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  • Cited by 3
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    This article has been cited by the following publications. This list is generated based on data provided by CrossRef.

    Freund, Bill 2013. Labour Studies and Labour History in South Africa: Perspectives from the Apartheid Era and After. International Review of Social History, Vol. 58, Issue. 03, p. 493.


    Rahal, Malika 2013. A local approach to the UDMA: local-level politics during the decade of political parties, 1946–56. The Journal of North African Studies, Vol. 18, Issue. 5, p. 703.


    Drew, Allison 2007. Urban Activists and Rural Movements: Communists in South Africa and Algeria, 1920s–1930s1. African Studies, Vol. 66, Issue. 2-3, p. 295.


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  • International Review of Social History, Volume 48, Issue 2
  • August 2003, pp. 167-202

Bolshevizing Communist Parties: The Algerian and South African Experiences

Abstract

In 1924 and 1925 the Comintern introduced its policy of Bolshevization. A goal of Bolshevization was the creation of mass-based communist parties. In settler societies this meant that the local communist party should aim to be demographically representative of the entire population. This article traces the efforts of the communist parties in Algeria and South Africa to indigenize, seeking to explain why their efforts had such diverse outcomes. It examines four variables: the patterns of working-class formation; the socialist tradition of each country; the relationship between the Comintern and the two communist parties; and the level of repression against communists in both societies. The cumulative weight of the variables in the Algerian case helps to explain why communist activity in the 1920s – including the communist party's ability to indigenize – was far more difficult in Algeria than South Africa.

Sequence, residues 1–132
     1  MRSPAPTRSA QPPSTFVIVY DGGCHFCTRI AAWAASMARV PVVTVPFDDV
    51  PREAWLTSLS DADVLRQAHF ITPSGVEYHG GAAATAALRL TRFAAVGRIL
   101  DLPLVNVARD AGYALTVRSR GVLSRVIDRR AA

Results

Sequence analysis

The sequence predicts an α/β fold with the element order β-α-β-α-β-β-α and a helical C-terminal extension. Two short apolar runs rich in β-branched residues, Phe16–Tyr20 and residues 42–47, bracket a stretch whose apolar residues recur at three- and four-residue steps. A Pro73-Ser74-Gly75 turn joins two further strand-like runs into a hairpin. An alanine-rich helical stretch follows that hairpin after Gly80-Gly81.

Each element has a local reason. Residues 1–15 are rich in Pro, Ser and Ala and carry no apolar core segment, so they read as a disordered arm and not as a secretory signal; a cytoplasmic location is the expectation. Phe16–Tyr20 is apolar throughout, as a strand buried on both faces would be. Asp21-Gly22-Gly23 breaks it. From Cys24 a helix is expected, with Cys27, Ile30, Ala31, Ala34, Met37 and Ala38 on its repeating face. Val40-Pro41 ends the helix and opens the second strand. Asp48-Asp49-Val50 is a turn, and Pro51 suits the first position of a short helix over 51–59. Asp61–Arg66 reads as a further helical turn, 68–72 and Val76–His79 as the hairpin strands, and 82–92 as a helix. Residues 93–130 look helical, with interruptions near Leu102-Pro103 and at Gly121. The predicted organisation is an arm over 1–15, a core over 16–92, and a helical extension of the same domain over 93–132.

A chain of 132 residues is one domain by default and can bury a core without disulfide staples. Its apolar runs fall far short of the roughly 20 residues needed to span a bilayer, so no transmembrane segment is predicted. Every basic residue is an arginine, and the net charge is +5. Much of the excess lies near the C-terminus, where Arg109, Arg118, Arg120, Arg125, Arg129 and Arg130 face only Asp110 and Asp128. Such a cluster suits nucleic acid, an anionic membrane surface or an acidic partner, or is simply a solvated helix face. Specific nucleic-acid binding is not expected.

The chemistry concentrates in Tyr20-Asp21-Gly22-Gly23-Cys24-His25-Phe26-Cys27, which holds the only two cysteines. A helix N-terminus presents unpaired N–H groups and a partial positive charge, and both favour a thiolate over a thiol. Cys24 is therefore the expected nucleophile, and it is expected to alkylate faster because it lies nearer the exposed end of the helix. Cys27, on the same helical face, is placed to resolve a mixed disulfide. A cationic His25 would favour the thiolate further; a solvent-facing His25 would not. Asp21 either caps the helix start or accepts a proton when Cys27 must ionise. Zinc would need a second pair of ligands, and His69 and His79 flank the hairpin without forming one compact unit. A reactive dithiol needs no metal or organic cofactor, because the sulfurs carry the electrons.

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Research for this article was made possible by a grant from the British Academy, and I am very grateful to the Academy for its support. An earlier version of this paper was presented at the European Social Science History Conference, The Hague, 27 February–2 March 2002. I would like to thank René Gallissot, David Howell, and an anonymous referee for their comments.
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International Review of Social History
  • ISSN: 0020-8590
  • EISSN: 1469-512X
  • URL: /core/journals/international-review-of-social-history
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